Elk River, 2009
Saturday morning. Down the beach we went at daybreak – Bob, Ryan, and me. Paul and Jeff had abandoned us at the motel in the dark, sneaking away without even knocking on our door to see if we were awake.
Fellow salmon fishers, most carrying white plastic shopping bags, were lining up around the lagoon when we arrived. It was Saturday, the tides were building, and people were staking their claim for first-light fishing. Paul, Jeff, and a substantial group of fly-guys were clustered together between spinner, anchovy, and shrimp fishers. They were positioned to cover a trench that snaked along the inland side of the lagoon, an area where the most fish had been hooked during the week.
Our little group chose the sand side of the lagoon because it offered a little more room between fishers and still, we hoped, a chance to show our flies to a salmon. There was no wind that day, and a heavy salt mist hung in the air dimming the day.
Fifteen minutes passed. A few fish were boiling around the lagoon. Given the freedom, I moved around, shifting position over two or three hundred yards; casting short, casting long. Hoping for a grab on the drop. Retrieving with tiny three-inch twitches, striving for smoooooth retrieves, as slow as I could manage. I moved up the sand spit away from the ocean and kept my casts in the forty-foot range, remembering that there was a little trough close to the sand. I switched out my comet for an un-weighted Clouser, and cast at a downriver angle so my fly would stay in the trough as long as possible.
Suddenly, there was my salmon.
I had extended my retrieve to its absolute limit. The Clouser had lifted to the surface, my rod tip was raised high, and I was about to roll my line forward, begin working line out, and cast again.
But as that little Clouser rested on the surface, barely under tension from the leader and five feet of fly line, a deep-shouldered king rushed the fly, head-on. There he was, moving fast, mouth open, head and dorsal fin out of water, determined to eat that fly at my feet.
Instinctively, because there wasn’t time for intellectualizing, I turned away from the water, away from the fish, and ran, leaping over a drift log on the beach behind where I had been casting. By the time my line came tight, the fish had already turned, the hook set, and the connection signaled as the fish paused, made that glorious side-to-side, whole-body gyration we call the head-shake, and peeled off three hundred feet of line and backing while I tried to maintain a semblance of smooth tension on a protesting, sand compromised reel.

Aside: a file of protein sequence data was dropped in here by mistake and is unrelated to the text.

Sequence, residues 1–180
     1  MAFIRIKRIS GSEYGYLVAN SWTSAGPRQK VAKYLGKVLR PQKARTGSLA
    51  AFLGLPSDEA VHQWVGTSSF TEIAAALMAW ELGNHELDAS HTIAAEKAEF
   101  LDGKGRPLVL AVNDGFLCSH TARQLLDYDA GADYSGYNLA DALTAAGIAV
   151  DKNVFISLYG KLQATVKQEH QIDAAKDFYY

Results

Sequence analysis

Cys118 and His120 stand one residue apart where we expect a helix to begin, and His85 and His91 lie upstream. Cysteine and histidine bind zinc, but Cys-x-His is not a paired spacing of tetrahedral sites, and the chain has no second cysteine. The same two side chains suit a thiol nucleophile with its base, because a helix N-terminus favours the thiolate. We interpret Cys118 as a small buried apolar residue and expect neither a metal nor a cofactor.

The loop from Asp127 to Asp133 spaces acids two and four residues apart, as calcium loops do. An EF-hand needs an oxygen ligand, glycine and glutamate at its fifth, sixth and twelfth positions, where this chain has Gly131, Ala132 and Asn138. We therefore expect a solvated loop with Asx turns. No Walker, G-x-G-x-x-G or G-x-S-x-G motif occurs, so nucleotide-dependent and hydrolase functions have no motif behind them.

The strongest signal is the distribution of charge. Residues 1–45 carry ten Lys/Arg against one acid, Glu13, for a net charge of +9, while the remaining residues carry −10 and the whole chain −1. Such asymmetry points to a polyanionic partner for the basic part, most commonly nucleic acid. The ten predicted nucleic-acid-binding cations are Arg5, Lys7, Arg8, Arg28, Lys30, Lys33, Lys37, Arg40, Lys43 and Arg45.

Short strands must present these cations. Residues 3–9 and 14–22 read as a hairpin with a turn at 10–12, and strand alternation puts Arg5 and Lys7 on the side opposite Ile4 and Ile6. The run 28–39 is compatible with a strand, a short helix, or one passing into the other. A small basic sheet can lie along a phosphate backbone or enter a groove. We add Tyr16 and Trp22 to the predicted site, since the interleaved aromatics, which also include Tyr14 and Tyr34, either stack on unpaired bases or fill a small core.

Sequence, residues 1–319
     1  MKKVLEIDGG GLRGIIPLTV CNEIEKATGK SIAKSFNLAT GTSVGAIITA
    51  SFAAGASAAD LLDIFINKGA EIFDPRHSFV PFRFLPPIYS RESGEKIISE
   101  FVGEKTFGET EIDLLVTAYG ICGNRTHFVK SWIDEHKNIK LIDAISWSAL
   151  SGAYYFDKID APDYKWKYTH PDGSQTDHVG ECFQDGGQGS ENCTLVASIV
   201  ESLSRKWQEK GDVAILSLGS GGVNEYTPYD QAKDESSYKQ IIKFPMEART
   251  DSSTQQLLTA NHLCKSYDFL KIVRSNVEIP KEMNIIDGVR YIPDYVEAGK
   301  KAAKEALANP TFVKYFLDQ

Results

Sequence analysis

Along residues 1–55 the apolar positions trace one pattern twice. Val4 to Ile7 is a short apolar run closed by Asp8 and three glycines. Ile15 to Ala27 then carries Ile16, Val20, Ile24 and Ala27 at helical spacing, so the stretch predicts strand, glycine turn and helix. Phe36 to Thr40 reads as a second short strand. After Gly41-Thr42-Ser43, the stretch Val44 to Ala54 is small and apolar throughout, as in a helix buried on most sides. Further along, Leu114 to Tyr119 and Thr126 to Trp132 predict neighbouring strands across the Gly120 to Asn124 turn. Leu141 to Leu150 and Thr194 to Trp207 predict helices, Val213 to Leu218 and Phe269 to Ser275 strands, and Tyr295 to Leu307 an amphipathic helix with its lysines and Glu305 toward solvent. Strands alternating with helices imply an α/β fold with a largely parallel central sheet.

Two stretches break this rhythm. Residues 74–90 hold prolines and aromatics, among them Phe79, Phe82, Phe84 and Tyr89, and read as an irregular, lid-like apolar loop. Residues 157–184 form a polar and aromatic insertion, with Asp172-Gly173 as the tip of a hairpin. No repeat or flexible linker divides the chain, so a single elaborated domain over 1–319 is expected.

I was smiling. Hell, I was elated.
Eventually, I backed away from the water, maintained a long line and low rod-angle, eased the salmon to water’s edge, and ran back to secure my grip around its peduncle.
I knelt in the water and pulled the fish’s head back into deeper water. I was alone there, no one within a hundred feet either side of me on the sand. The Clouser was buried in the roof of the mouth, barely visible. Then it was time to kneel waist deep in the lagoon and complete the release. I felt the salmon’s strength return quickly, and let go.
The rest of the day passed in a blur. A crowd of salmon fishers gravitated to the place where I released my fish. I moved to a new place where I fished alone, got grabbed hard on my second cast and played the salmon for ten minutes before the hook pulled free.
Reeling in, I turned to find the place where I had fished alone now occupied by no fewer than two-dozen people. Big sigh. That’s just how it goes. By tradition, I could have waded back and claimed my original casting station, but I decided not to. My day was already perfect.
I returned to an abandoned place on the beach and fished-out the afternoon. Just before dark, Ryan was ready to go. “Just a few more casts,” I pleaded. “Do you have any un-weighted Comets?” he asked. “Sure,” I said, opening my fly box. “Give this little beauty a try,” as I handed him my smallest Boss. Ryan shrugged, tied the fly on, and hooked-up on his very next cast. Ryan hooked his fish where I had just fished at least an hour with the same fly.
It was dark when we got back to Bob’s Diesel truck and drove up the beach. I celebrated with Mary’s oven-baked chicken, mashed potatoes, and gravy, and a Henry’s Root Beer.
Back at the motel, everyone gathered to prepare for Sunday’s fishing. It should be the day, they say.
Sunday morning. I’m up at 5 AM. Everyone else is drinking coffee and messing with the day’s tackle, pulling on waders, loading pickups.
Not me. I’m throwing my gear in the 4-runner. I’m headed home. I’ll get Dutch Brothers coffee in Coos Bay, an hour away.
Highway 101 is deserted. There isn’t a hint of wind. I imagine my friends casting to fresh kings surging across the beach into the lagoon. Me? I’m going home.